Corn and soybean crops across much of the US Midwest have matured faster than average, but a widespread early frost likely stunted growth in some fields. Gro’s yield models show declines in both corn and soybean yields in Minnesota and the Dakotas following a hard freeze on Sept. 8 and 9.
This comes amid a robust export market. China’s demand for corn and soybean imports has been exceptionally strong this year, and corn production in China has been impacted by typhoons in recent weeks, driving cash prices and futures there to record highs.
Temperatures got as low as 28 degrees Fahrenheit (minus 2 Celsius) in North Dakota, 25 degrees in western South Dakota, and 29 degrees in Minnesota. A period below 28 degrees for several hours is known as a severe frost and can kill the plant. Such a killing freeze stops everything and growers are left with whatever yield has accumulated to that point.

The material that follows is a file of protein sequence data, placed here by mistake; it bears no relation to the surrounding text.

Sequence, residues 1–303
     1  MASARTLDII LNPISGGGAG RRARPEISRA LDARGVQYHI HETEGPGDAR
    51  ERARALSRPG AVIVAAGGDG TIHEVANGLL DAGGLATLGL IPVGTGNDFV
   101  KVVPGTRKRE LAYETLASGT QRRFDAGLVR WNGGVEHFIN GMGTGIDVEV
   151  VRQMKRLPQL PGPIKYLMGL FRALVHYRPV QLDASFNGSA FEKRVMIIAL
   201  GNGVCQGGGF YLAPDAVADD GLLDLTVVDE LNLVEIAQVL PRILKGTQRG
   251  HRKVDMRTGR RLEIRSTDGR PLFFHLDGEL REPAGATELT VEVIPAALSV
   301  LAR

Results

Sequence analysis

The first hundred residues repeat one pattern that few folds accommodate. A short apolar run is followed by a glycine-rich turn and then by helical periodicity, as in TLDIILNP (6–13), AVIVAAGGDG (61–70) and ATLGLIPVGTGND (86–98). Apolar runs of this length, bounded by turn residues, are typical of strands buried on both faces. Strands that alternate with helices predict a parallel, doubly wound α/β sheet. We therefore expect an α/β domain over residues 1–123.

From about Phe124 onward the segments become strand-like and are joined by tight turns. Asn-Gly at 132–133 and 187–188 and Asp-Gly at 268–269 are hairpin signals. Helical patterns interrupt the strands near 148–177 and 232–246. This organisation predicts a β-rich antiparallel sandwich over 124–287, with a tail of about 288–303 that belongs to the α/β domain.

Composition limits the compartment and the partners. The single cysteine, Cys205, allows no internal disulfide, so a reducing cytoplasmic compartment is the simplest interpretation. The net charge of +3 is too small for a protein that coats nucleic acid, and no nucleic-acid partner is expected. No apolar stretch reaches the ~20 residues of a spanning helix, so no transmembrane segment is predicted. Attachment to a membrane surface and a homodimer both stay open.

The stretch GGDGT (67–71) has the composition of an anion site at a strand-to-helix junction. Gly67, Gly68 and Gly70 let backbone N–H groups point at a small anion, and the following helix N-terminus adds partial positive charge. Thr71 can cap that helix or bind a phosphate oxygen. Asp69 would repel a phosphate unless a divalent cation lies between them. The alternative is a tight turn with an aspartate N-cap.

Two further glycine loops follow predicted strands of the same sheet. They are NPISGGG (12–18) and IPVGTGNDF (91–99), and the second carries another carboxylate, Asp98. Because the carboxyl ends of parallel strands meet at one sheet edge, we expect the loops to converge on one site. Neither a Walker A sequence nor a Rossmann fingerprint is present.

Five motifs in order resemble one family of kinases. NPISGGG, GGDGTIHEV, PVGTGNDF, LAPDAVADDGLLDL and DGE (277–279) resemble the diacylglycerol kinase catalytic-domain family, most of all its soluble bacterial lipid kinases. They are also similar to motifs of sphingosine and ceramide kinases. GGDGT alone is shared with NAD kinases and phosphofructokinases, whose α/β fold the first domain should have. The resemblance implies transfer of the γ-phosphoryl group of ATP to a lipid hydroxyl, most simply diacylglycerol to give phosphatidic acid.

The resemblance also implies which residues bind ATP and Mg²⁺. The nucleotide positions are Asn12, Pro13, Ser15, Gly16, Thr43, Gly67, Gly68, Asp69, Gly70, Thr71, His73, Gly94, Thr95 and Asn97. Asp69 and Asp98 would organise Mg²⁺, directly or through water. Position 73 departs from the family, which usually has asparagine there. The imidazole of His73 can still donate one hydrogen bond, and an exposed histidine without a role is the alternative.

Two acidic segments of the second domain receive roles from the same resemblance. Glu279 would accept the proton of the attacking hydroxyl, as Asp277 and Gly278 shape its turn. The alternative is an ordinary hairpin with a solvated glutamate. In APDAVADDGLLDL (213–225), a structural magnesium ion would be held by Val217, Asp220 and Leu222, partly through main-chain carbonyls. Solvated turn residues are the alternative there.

While US crops had been on track for near record yields this year, floods resulting in prevent plant in the Dakotas, August’s derecho windstorm and this frost have driven expected production down.
Weather forecasts don’t currently show additional freeze/frost events for the US Midwest. But this bears close monitoring, particularly with daily flash sales to China indicating that export demand remains high.
These events together will have a significant impact on global corn and soybean balance sheets, and all eyes will be on the South American growing season as that gets into gear.
This insight was powered by the Gro platform, which enables better and faster decisions about factors affecting the entire global agricultural ecosystem. Gro organizes over 40,000 datasets from sources around the world into a unified ontology, which allows users to derive valuable insights such as this one. You can explore the data available on Gro with a free account, or please get in touch if you would like to learn more about a specific crop, region, or business issue.